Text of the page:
It’s hard to believe, but I used to hate running. I managed to stay fit in law school thanks to Ultimate, which, like soccer and lacrosse, involves a lot of running but seemed tolerable because I was chasing the disc (or the person I was covering).
After law school, however, I was forced into the real world, and I stopped playing Ultimate. Eventually I found my way to running, and my story there is a pretty common one – fortysomething learns to like running, gets into the local race scene, and joins an awesome run blog. Recently, however, I got the itch to try Ultimate again, so I signed up for a co-ed spring league with Portland Ultimate.
I haven’t played in over 20 years, so I knew my disc throwing and handling skills would be pretty rusty, but I figured that cardio-wise I would be able to hold my own.
The first set of games was on a weeknight in the middle of April. It’s an indication of how underprepared I was that I didn’t have cleats, just running shoes, although I still had one of my discs from my law school days. Prior to the first evening, Portland Ultimate had asked each of us to rate our own ability on a scale of 1-5 and to state whether we could play “handler or cutter.” (I’m guessing that if you didn’t know what those positions entailed, you were probably a 1 or a 2 on the ability scale.) Back in my law school days, I was maybe a 3 or a 4, depending on how high up you were scaling the 5s – i.e., nationwide, or campuswide. For the pickup games that we played, though, I was typically a handler. Given the 20+ years of rust, I wrote back “3(?)” and explained how out of practice I was.
So I had some trepidation as I walked on the field at the (massive) Howard M. Terpenning Recreation Complex in Beaverton (right near the Nike campus!). Would I suck completely? Or would my being in much better cardio shape now than I was in my 20s prove to be a boon?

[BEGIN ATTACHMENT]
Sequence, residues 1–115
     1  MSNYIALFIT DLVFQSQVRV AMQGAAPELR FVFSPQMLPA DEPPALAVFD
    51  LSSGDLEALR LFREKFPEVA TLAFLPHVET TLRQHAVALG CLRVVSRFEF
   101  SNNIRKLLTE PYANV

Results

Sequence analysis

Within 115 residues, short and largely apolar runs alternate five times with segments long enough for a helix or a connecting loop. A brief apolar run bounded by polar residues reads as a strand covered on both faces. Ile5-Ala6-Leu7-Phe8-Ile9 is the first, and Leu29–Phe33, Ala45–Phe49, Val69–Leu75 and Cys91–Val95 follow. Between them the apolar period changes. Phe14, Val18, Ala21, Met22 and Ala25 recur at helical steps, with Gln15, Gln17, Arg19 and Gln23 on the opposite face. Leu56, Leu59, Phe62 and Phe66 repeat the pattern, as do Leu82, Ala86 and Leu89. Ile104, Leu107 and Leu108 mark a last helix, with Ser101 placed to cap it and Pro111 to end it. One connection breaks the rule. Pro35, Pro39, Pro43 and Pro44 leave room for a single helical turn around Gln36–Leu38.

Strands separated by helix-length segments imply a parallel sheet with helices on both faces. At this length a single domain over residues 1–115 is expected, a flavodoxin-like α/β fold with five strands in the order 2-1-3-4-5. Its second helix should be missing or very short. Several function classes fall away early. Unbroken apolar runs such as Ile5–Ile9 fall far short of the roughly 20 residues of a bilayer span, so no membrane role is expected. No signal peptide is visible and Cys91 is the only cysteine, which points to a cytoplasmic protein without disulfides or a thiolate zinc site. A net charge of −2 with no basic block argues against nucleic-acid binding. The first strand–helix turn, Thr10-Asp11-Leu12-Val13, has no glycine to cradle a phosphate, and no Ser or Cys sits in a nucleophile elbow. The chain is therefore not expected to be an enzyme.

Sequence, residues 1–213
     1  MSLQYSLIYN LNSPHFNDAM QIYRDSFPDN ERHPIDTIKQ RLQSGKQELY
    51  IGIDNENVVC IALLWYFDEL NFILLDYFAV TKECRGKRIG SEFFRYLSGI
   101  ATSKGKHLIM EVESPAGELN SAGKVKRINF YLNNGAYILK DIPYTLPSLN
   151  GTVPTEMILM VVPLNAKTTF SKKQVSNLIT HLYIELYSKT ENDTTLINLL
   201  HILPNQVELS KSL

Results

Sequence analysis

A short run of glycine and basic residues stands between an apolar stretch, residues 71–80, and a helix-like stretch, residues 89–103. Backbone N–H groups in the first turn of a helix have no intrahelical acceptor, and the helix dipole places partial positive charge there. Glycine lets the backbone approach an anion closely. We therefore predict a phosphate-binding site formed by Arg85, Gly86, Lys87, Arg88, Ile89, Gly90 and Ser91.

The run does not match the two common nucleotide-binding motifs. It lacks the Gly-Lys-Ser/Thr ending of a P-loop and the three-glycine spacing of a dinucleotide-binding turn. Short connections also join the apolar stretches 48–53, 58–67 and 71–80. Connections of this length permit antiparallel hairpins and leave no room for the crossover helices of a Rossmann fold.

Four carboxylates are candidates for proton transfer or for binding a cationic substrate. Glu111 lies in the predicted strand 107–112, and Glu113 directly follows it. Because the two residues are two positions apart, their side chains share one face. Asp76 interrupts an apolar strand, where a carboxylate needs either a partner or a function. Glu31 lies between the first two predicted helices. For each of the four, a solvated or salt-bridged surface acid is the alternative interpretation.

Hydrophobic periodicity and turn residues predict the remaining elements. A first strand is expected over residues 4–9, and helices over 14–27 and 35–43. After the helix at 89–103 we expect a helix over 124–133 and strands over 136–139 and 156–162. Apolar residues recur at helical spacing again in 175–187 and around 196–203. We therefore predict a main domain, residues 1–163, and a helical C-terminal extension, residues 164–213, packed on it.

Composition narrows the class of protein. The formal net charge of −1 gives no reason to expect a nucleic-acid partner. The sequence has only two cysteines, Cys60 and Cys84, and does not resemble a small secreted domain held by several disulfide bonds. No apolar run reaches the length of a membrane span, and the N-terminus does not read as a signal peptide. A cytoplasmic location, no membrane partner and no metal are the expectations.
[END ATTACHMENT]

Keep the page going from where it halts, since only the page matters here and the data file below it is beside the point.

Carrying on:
Warming up with throws felt okay. My flick (i.e., forehand) needed work, as it started to flutter once I tried something beyond medium length, though it didn’t precess at least. My backhand was okay, and I could still throw hammers and reverse hammers. But I was able to tell that compared to some of the other players, I definitely should not be handling (which is the closest thing to a quarterback that there is in Ultimate).
I was particularly curious about how much running actually takes place during Ultimate. Back when I played during law school in the 1990s, there were no GPS watches, so I had no idea how much distance I covered during our 2-3 hour pickup games. Now that we are out of the dark ages, however, I would be able to track distance. I kept the watch running whenever I was in the game, but paused it when I was on the sidelines.
The results? In game 1, I played 10:04 and covered 0.64 miles, for an average pace of 3.8 mph, with a peak speed of 13.6 mph. In game 2, I played 26:27 and covered 1.61 miles, for an average pace of 3.6 mph, with a peak speed of 15.7 mph. If you add those together, it’s 2.25 miles in 36:31.
Basically, around 3.7 mph on average. That’s walking, and not a particularly brisk pace. So it should have been a piece of cake, right?
No way! I wasn’t completely gassed when I went to the sidelines, but I wasn’t going to complain about the rest either. And the next day, wow, was I sore! My right arm, of course, but also my upper legs. It just goes to show how running may be foundational for most sports, but sport specificity still reigns supreme.
Coda: And then 3 minutes into my second night of playing, I strained my left hamstring and right Achilles tendon….